In the closing days of a tight primary race, television ads from a mysterious new political action committee have hit the local airwaves to support U.S. Rep. Colleen Hanabusa’s bid for governor.
But the PAC, “Defend Hawaii Now,” has not registered with the state’s Campaign Spending Commission, nor has it filed any electioneering reports detailing its expenses. Those actions are typically required for campaign ads on local television.
The ads appear to be linked to Dennis Mitsunaga, a prominent contractor and longtime key political donor in Hawaii who’s been involved in previous campaign spending violations and controversies.
Any outside group that spends more than $1,000 in an election must register with the commission, according to Kristin Izumi-Nitao, the commission’s executive director. If it spends at least $2,000 on advertising it must further file an electioneering report chronicling those expenses, she added.
Update: A search of Federal Communications Commissions records indicates Defend Hawaii Now has contracts totaling at least $69,270 to run pro-Hanabusa ads at least 116 times times across local channels KITV, KFVE, KHNL, KHON and cable stations from July 30 to Aug. 10.
“They’re off our radar … except for that ad,” Izumi-Nitao said Friday of Defend Hawaii Now’s lack of reporting. The commission, she added, sent letters Friday to a post office box address listed at the end of the ad requesting more details from the group on its campaign activities.
Izumi-Nitao said she could not confirm the group committed violations until the commission gets a response from Defend Hawaii Now.
Mitsunaga is president of the Honolulu-based architectural firm Mitsunaga & Associates Inc. In previous elections he’s been a staunch supporter of former Hawaii governors Ben Cayetano and Neil Abercrombie, whom Ige unseated in 2014.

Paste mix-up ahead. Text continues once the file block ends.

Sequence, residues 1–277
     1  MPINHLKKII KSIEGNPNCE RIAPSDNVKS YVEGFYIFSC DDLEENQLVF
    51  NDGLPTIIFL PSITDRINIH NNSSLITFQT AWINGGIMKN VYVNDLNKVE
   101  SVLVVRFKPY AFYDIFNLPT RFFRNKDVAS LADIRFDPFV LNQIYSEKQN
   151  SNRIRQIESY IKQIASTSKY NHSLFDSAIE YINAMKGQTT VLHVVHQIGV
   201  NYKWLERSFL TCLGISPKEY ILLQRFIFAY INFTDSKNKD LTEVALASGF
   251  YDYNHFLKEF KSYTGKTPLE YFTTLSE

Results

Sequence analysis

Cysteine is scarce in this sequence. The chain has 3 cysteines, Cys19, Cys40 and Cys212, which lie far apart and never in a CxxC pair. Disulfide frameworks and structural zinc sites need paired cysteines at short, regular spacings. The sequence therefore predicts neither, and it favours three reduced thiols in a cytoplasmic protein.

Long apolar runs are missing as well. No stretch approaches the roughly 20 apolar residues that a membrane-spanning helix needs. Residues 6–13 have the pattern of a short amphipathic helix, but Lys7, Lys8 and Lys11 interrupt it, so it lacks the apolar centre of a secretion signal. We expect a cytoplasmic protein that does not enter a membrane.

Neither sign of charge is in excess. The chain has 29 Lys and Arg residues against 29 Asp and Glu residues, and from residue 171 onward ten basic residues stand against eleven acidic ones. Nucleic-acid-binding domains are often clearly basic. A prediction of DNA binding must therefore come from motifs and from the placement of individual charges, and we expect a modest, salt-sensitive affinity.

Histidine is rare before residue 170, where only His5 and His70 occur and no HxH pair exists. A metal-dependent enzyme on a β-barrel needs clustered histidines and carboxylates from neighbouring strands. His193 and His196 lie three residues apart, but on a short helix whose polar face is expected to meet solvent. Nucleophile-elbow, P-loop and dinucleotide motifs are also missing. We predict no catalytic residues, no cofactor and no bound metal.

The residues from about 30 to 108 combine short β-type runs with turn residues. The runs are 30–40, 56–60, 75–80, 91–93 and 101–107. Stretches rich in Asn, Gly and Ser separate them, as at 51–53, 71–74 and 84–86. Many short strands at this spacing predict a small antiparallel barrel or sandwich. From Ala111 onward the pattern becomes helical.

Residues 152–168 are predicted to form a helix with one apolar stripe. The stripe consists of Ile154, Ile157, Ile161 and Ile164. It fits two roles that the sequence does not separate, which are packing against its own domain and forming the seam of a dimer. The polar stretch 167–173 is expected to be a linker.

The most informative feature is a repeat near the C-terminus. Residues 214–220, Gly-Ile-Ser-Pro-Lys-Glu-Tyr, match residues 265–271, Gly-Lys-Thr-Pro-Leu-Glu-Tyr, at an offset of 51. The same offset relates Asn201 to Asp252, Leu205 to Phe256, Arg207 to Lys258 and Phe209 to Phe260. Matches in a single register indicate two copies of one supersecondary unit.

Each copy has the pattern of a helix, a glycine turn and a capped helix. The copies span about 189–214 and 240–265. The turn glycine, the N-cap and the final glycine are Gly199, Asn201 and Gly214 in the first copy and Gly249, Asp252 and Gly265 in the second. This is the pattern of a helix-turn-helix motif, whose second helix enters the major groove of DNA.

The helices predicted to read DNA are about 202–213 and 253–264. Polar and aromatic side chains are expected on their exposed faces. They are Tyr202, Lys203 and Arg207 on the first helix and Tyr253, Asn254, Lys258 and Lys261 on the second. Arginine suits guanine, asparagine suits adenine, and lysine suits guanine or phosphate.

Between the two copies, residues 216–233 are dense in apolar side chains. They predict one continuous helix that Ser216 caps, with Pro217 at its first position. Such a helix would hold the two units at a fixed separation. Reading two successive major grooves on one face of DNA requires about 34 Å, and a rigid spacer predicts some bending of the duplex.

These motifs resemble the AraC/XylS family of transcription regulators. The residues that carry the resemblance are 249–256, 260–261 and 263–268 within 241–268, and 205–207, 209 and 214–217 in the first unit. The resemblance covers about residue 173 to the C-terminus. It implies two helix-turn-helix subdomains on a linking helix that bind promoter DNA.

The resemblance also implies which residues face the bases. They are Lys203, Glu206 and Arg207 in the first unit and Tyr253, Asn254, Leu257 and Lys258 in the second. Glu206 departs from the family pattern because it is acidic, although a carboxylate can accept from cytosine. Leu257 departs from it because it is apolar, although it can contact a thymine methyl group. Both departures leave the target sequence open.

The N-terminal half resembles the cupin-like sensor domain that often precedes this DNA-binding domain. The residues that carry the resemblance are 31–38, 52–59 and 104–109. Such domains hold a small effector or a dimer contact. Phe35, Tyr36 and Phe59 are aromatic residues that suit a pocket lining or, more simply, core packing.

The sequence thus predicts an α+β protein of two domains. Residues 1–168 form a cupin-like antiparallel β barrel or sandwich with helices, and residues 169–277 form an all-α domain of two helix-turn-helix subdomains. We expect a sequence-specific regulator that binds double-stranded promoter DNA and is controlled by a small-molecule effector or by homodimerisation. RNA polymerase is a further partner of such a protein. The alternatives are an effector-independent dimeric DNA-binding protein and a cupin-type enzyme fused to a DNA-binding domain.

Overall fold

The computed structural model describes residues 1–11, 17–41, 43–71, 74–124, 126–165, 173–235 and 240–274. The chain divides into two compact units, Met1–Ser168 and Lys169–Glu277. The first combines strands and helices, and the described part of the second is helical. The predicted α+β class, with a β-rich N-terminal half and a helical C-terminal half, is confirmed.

State business records list him as a representative of “Waimea Associates” — the company named in Defend Hawaii Now’s television ad as its top donor.
He did not respond to a request for comment Friday through the Mitsunaga & Associates office.
The ad includes recordings of U.S. Rep. Tulsi Gabbard endorsing her congressional colleague, Hanabusa, and criticizing incumbent Gov. David Ige for his “failure of leadership” following the state’s infamous Jan. 13 false missile alert:
It’s reminiscent of the “38 minutes” ad being run by a different outside group, Be Change Now, to support Hanabusa and oppose Ige. That group has so far poured nearly $3 million into the primary election cycle, including $1 million for Sen. Josh Green’s lieutenant governor bid.
Defend Hawaii Now could face a $500 fine for failing to file an electioneering report, Izumi-Nitao said. Its ad hits the airwaves as polls show Hanabusa’s once-sizable lead over the incumbent has evaporated.
In 2016, when Honolulu Mayor Kirk Caldwell ran for re-election, the Mitsunaga-backed super PAC “Save Our City” spent about $300,000 opposing the mayor’s bid. It did not reveal Mitsunaga as one of its key backers until weeks after it was supposed to.
The group was fined $125 during that cycle for failing to make the proper disclosures in its ads.
In the 2012 mayoral race, Mitsunaga himself was targeted in ads by a pro-rail union group (and predecessor to Be Change Now) as a “pay-to-play” beneficiary of former Gov. Ben Cayetano — and a reason why Cayetano shouldn’t be mayor.
Mitsunaga fired back against that group, Pacific Resource Partnership, in his own subsequent ads.
The Campaign Spending Commission also investigated Mitsunaga in the early 2000s for alleged violations but never pressed charges.
Defend Hawaii Now’s ad indicates the group is working independently of Hanabusa’s campaign, which is what independent expenditure comittees, or “super PACs,” can do to spend unlimited funds in a race.
Campaign spending records show that Mitsunaga & Associates’ owner, John Cates, and its manager, Terri Otani, contributed a combined $9,000 to Hanabusa’s campaign directly. It’s common for company employees to make such donations in state elections.
The primary election will take place Aug. 11.
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